“The expressions on their faces

were completely different,” he said.

“Everyone seemed to have a new

optimism about the future and were

forward-looking, taking things into

their own hands. I had my laptop

with me when I visited the people I

had met and photographed in August.

Even the people I hadn’t met

before welcomed me warmly, with

some inviting me into their homes

and others offering me something

Nitta searched for people he

had met two months earlier

and saw signs of life

returning to normal.

Total Items Donated / Displaced People Targeted

Approx. 3.12million items 30million people

Kyrgyz Republic

Commonly called Kyrgyz, this central Asian republic was formerly part of the Soviet Union.

Then referred to as Kyrgyzstan, it achieved independence in 1991 and is now a member of

the Commonwealth of Independent States. Its capital is Bishkek (formerly Frunze).

to eat. To tell the truth, I still laugh

when I think about the strong smell

of mutton pilaf. But I could see the

people were wearing the UNIQLO

clothing they had received and

were now able to return to a more

familiar way of living. While nothing

could be done for those who had

died, all the survivors had been accounted

for and many had been

able to return to their homes. The

tears of sorrow had stopped flowing,

and there was hope that they

might soon be replaced with tears

of joy.”

Nitta shared this story with a look of

quiet satisfaction as we watched

children of Uzbek, Kyrgyz and Rus-

sian descent play together in an

alley, their faces glowing with innocent

smiles. “Isn’t it wonderful to

see life’s true meaning in children

playing together?”

We have witnessed a major turn for

the better in just three months. Last

June, children had left sad drawings

and messages on a wall—one

so devoid of hope read: “Even the

sun is crying here.” Now, as these

words begin to fade, the smiles and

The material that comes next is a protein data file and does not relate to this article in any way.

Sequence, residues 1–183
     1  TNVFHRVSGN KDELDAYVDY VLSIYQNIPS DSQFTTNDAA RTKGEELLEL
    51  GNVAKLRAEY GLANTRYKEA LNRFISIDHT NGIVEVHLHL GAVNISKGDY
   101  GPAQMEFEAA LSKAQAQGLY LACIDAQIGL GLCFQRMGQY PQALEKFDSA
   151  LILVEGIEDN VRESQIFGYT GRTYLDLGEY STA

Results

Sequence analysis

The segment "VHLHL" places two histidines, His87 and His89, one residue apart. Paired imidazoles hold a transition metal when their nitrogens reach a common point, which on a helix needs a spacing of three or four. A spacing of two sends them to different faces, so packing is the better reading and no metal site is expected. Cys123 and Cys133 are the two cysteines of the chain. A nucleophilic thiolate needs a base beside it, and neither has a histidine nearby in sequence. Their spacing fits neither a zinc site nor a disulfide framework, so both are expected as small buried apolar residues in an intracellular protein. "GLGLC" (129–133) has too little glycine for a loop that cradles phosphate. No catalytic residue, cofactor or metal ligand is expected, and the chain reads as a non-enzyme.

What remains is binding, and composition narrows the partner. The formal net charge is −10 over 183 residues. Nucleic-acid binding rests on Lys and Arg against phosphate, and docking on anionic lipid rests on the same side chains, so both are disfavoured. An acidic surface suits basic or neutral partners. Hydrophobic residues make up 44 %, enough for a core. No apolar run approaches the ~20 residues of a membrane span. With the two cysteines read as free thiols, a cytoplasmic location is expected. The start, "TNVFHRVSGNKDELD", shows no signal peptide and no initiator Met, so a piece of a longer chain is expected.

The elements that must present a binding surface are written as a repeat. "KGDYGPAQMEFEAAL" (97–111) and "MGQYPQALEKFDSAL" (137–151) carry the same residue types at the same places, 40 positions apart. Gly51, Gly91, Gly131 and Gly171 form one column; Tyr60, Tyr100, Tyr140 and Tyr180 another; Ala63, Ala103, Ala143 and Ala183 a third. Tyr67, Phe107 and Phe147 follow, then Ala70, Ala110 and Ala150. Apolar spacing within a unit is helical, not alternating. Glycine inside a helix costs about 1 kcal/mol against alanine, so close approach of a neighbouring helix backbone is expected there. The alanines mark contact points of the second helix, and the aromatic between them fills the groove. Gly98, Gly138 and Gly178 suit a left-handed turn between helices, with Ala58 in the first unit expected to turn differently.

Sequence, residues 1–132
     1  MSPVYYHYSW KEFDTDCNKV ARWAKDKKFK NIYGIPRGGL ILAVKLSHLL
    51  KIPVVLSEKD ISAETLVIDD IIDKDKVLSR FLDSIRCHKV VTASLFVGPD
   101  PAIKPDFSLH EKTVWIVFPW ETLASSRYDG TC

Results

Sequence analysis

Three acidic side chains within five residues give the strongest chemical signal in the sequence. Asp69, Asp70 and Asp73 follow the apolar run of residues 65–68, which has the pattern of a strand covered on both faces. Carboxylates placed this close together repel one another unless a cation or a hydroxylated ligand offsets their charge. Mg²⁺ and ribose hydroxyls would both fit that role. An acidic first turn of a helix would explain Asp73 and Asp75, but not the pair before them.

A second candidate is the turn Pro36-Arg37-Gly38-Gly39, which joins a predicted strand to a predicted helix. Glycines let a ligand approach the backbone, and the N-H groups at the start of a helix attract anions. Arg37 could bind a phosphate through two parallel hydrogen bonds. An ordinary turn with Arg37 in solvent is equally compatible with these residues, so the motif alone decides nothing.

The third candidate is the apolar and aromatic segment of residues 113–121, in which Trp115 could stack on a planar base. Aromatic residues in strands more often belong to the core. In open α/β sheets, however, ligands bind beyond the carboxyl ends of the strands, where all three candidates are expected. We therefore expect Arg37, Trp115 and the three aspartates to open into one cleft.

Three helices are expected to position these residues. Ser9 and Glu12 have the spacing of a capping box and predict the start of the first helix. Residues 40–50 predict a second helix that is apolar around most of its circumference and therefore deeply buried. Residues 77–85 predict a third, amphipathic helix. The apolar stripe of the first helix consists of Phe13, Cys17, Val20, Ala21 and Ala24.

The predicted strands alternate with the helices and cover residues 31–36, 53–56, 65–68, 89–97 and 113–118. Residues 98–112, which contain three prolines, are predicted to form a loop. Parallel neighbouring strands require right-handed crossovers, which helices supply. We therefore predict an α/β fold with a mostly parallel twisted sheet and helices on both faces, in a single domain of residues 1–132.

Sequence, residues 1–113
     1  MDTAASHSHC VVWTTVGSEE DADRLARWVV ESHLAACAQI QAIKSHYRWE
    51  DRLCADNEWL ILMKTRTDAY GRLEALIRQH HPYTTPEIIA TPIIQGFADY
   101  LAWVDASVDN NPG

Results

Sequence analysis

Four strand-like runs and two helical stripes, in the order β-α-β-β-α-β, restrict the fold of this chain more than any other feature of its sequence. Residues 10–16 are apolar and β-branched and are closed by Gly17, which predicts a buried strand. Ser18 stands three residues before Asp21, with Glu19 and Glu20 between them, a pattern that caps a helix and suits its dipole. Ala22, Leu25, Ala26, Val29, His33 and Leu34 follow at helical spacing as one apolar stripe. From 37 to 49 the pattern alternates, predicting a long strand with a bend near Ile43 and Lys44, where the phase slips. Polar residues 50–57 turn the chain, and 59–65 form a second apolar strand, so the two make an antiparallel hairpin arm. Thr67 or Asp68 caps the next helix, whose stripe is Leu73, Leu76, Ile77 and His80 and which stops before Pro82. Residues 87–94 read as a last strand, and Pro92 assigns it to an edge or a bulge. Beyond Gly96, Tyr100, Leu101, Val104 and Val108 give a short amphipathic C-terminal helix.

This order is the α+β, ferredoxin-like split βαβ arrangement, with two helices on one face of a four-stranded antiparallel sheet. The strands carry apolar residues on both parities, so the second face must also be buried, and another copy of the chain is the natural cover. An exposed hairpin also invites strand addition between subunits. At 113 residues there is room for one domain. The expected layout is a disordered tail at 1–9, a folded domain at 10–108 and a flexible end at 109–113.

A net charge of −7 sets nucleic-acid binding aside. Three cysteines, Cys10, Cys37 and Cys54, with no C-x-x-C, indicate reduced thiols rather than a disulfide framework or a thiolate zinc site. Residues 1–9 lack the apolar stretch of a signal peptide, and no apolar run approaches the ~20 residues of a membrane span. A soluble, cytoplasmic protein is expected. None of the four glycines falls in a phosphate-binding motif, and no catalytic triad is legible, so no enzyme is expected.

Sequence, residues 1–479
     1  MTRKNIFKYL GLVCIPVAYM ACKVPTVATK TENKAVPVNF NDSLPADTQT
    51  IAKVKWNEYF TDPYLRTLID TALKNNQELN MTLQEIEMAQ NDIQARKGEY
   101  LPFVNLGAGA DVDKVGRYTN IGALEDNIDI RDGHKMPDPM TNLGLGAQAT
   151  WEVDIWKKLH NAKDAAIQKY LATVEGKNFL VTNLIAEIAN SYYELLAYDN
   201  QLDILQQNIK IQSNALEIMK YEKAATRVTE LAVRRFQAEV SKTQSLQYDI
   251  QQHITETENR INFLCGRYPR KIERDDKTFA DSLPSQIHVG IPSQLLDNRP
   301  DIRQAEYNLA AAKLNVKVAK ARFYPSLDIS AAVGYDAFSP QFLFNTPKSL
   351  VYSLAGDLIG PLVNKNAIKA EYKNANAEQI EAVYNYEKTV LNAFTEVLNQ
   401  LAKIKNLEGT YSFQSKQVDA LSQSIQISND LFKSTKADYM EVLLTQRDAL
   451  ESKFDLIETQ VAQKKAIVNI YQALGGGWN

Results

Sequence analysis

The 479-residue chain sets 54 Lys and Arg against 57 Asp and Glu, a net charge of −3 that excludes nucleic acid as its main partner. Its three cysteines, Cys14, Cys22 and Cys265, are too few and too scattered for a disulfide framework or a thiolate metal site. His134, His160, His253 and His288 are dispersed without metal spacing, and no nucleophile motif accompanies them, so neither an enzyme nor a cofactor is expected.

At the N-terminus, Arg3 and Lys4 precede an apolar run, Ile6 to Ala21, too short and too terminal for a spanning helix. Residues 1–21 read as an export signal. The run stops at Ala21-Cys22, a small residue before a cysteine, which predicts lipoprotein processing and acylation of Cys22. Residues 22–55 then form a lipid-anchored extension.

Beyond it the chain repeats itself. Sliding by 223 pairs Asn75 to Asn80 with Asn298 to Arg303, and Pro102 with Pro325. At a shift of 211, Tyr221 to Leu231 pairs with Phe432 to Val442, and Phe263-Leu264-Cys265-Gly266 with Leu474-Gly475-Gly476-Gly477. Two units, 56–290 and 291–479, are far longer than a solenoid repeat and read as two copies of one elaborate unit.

laughter of children are returning

and announce the early arrival of

spring.

Children etched many

drawings and messages on

this wall during the conflict.

One reads: “Even the sun is

crying here.”

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From Fast Retailing

Making the World a Better Place

Continually seeking to discover what truly great clothing can accomplish

To Continue to be a Company that Brings Value

to Society

We are committed to being a sound enterprise and a corporate citizen that delivers genuine value to

society by selling clothing in nations, regions and communities all around the world. We are not solely

seeking to provide high-quality clothing at reasonable prices. We want to go one step further and ensure

that our products delight people around the world—from our customers and the workers in our partner

factories to UNIQLO’s employees and the people we have met in refugee camps. Our “Made for All”

slogan expresses both this promise and our ultimate challenge. We are now revisiting this commitment

to the new possibilities that are inherent and waiting to be discovered in clothing.

Our social business in Bangladesh is just one example of the creative solutions that are possible. In

cooperation with Grameen Bank, led by Nobel Prize winner Professor Muhammad Yunus, UNIQLO has

established a social business in Bangladesh. Under this program, all business operations will function

domestically—from product design to production and end sale. The goal is to create jobs, build a

skilled workforce and reinvest profits in the business to help to address the difficult challenges that the

country of Bangladesh faces in areas such as poverty, public health and education.

Our own work has just begun and there is far more to be done than we can even begin to address with

the resources that are currently available to us. So we will continue to share our thoughts and our

actions. We will join forces with like-minded individuals, organizations and companies. Everything we

do will be driven by our profound and enduring belief that the power of clothing can benefit society in

ways we have yet to imagine.

Vol. 01

Spotlight on

Employees with

Disabilities

Vol. 02

Where UNIQLO

Products Come From

Vol. 03

UNIQLO’s All-Product

Recycling Initiative

The Power of Clothing can be found in UNIQLO stores and viewed online at:

http://www.uniqlo.com/en/csr/

Vol. 04

The Setouchi Olive

Foundation and

UNIQLO

Vol. 05

What is a

Social Business?

A Grameen Lady who sells UNIQLO items in Bangladesh

14 15